"When an ill wind blows, tongues rustle like grass." – Gam proverb
The Elders' Meeting had all the looks of a building thunderstorm.
Chief Rahi sat on the throne, chained by his javelin-hand to one reinforced arm. His face was set, his posture rigid and restrained, but firelight glared in his eyes as he faced the Council. They were not looking at him, however; they were focused, slack-jawed, upon Elder Krek, who was standing before him on the opposite side of the fire.
Elder Tka was the first to break the stunned silence.
"Wildfire talk has no place in the Council Den, Elder Krek," he said quietly.
Krek spat. "Wildfire talk! Pah!" He pointed an accusing claw at the Chief. "Everyone can see the truth in this. Everyone knows how this chief spends his time."
Rahi growled from deep inside his throat. "My daughter," he said, with admirable restraint, "is not a topic for discussion."
"I believe she is – or rather your dubious plans for her!"
"Dubious?" came the shrill voice of another Elder. "The Chief may choose whatever successor he wishes, Krek!"
"The trials, then!" Krek fired back. "So you think testing a daughter Gam-Hi-Gee is honorable, do you? In the manner of a son...?"
"Daughter or son! What difference does it make?"
"Sheer and utter blasphemy! What of our Ancestors? What of tradition..."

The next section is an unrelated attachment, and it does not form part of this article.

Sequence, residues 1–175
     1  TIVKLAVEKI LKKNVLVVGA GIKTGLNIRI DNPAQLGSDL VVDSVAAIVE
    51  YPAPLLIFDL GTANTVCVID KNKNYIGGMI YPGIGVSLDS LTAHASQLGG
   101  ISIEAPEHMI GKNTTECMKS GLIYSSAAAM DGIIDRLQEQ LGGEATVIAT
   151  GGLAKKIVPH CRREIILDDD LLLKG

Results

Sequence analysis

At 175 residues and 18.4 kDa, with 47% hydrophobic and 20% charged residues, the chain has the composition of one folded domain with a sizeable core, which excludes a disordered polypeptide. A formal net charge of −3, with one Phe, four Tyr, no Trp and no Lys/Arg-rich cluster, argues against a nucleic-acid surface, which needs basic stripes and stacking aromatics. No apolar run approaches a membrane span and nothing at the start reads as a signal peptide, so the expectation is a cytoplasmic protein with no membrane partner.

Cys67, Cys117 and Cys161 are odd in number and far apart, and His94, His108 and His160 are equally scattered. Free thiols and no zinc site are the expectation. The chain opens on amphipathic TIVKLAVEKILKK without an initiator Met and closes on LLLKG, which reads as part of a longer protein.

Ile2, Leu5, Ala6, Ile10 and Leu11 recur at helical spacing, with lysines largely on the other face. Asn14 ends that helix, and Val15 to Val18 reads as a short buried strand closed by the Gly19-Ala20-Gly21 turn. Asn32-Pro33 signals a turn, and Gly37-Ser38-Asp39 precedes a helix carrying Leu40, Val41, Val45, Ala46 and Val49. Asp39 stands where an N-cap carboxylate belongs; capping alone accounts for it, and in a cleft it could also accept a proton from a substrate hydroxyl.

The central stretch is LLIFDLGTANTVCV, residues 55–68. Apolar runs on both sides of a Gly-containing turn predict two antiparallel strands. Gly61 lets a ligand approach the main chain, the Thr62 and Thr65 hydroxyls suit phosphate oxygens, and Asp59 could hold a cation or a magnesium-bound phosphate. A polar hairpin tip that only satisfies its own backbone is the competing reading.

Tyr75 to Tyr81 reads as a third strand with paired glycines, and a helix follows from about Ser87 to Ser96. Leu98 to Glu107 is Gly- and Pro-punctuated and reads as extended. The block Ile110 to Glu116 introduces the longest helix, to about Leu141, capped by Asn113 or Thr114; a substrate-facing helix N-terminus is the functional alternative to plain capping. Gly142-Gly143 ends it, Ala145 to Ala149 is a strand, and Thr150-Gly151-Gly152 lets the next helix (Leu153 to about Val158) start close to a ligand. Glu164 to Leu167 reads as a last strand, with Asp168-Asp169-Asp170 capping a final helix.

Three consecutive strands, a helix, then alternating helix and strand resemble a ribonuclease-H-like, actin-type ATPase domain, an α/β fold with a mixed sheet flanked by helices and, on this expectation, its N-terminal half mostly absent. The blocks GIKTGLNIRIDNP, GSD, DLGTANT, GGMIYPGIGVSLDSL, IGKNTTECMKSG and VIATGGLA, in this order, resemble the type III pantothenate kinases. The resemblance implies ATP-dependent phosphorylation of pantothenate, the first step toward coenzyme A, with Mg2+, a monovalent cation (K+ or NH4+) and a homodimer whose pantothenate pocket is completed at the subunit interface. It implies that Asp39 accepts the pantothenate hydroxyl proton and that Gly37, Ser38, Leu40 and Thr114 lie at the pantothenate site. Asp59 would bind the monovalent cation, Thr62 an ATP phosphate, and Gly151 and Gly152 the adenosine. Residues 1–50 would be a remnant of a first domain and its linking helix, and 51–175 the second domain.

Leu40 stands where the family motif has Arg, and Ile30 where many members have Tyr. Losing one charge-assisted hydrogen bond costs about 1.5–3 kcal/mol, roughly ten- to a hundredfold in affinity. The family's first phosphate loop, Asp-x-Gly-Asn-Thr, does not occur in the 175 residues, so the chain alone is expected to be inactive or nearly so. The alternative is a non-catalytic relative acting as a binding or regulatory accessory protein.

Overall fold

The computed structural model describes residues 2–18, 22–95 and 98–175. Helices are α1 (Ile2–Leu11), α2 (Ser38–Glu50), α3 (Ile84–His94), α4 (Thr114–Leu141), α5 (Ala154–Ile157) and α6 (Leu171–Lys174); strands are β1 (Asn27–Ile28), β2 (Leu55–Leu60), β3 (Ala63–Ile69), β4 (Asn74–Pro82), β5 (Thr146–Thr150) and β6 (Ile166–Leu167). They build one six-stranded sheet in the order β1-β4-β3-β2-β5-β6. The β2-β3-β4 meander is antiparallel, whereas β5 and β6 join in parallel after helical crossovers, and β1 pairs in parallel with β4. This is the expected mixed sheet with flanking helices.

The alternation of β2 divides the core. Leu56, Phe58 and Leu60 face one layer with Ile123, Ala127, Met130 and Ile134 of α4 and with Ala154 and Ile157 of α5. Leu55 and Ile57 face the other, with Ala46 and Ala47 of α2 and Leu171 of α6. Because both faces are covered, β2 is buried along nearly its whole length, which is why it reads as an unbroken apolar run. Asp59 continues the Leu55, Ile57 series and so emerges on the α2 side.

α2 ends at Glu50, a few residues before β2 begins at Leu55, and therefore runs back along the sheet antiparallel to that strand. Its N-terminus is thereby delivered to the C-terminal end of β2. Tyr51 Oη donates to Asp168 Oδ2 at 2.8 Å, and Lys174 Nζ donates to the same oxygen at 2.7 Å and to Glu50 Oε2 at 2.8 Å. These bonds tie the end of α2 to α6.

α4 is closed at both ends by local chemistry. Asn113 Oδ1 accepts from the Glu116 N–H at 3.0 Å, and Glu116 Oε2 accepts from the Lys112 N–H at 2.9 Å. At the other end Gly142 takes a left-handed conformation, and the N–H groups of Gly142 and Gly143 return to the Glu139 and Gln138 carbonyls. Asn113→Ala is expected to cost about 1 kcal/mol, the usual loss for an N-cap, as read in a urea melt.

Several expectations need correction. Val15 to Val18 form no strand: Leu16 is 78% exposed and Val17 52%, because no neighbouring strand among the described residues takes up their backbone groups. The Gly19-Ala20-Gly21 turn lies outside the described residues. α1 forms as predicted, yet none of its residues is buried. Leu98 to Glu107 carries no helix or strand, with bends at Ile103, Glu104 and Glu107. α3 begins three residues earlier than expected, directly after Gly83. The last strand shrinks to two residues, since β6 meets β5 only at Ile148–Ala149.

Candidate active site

Elder Tka stood, his voice rising now. "Enough, Krek!" he thundered. "You have defiled the Council Den already with your rumors!"
Krek's mouth snapped shut. He was a big Elder, heavy and tall, but inside he was soft and slimy as a hlk-slug. He sat down, edging his rotundity back into the shadows.
Krek was loud, and courted danger in the Council Den – especially with a chief like Rahi. The Chief would have launched his javelin, hit this bird-leg square in the throat and pinned him to the wall, but the chain on his throwing arm prevented him. An ingenious stroke of statesmanship, this, put into use after the reign of Mad Chief Ablobek. Lucky, that chain. Otherwise, many, many Elders would die.
Another Elder stood, using his attendant for support. "Deplorable," he said, so quietly that the Council could barely hear him. "Deplorable." He was very old, and a terrible speaker, and soon lapsed into a long and winding tangent. The other Elders sat forward irritably, straining to hear him.
Tka kept his eyes on the Chief. He had his own guard, Rahi did, a big Gam, standing motionless on Rahi's left. One gesture, and then the Elders would be dead – but the Elders had their own guard, too, standing on the other side of the fire. Two guards: twins, both vast of leg and limb. Another ingenious stroke, an utter détente. And for Rahi, Tka knew, it was an irritant beyond endurance.
"...So that," the barely audible Elder said in closing, "is the most important part of all."
He sat down in silence, overcome, it seemed, by his own eloquence. The rest of the Council looked around at each other and nodded sagely, pretending to get the point. Only Rahi remained motionless.
A dark figure stood now.